Google (other search engines are available …) uses Title to determine page content. So it’s important that your page title reflects this.
The Meta Description is a summary of the page and is what is shown in search results. It’s one of the key things search engines look at when showing search results. So … if you have a good keyphrase (what you expect people to search on) and use that keyphrase in the meta description, you increase your SEO Score.
Slugs should contain the keyword or keyphrase if possible, and be concise. WordPress auto-generates slugs based on the page title. So if you had a page called ‘A Quick Guide to the Yoast SEO Plugin’ the default slug would be /a-quick-guide-to-the-yoast-seo-plugin/. This is far too long and not concise, so we might change the slug to be something like /yoast-seo-quick-guide/ instead.
Hopefully it’s clear that, as all these fields should represent what your page is about, they’ll also overlap significantly!
At the bottom of any WordPress page you’ll see some Yoast SEO configuration
- This is the SEO tab, and is where you will configure all the key SEO fields we just covered
- This is the readability tab, which is ‘phase 2’. For completeness you’ll also see a social tab where you can adjust the way posts or pages look on social media, if you want to. This is not covered in this guide!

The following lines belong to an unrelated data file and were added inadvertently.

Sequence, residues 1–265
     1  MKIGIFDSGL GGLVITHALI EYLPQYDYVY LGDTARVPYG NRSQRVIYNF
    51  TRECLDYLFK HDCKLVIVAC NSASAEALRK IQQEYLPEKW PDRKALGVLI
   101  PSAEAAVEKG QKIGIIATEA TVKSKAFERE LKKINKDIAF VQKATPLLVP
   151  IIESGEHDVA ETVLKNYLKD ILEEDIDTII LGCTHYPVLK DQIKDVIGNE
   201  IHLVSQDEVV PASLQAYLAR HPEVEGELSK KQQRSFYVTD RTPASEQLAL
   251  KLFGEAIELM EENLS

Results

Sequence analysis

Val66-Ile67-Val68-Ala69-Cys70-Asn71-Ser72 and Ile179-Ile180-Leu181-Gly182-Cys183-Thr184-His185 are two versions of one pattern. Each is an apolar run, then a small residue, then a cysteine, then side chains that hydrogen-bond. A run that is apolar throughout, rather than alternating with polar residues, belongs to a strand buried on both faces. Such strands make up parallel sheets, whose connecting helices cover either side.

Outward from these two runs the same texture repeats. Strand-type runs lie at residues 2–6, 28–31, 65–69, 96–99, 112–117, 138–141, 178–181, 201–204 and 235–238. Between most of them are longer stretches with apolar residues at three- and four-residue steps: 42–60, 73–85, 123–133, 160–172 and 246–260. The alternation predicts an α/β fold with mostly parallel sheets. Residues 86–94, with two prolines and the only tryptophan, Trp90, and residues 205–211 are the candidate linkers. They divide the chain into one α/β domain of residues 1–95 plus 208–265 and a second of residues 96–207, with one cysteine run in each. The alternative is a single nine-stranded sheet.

- Here’s where you enter your focus keyphrase
- The snippet preview is a preview of what your page will look like in the search results
- Here’s where you click to edit snippet
- This is the Yoast analysis of your page
Both 4 and 6 are expandable / contractable via the dropdown arrows on the right hand side
The SEO Score
Here you can see an example from my contact page. My keyphrase is ‘contact’. It matches the slug exactly, and my keyphrase appears in the meta description. You can also see that the page title (see SEO Title) matches as well.
The amber bar under the SEO title illustrates that my title might be to short. I could easily change that by adding text and / or snippet variables as below, if I wanted to. But in this case I personally don’t want to do that.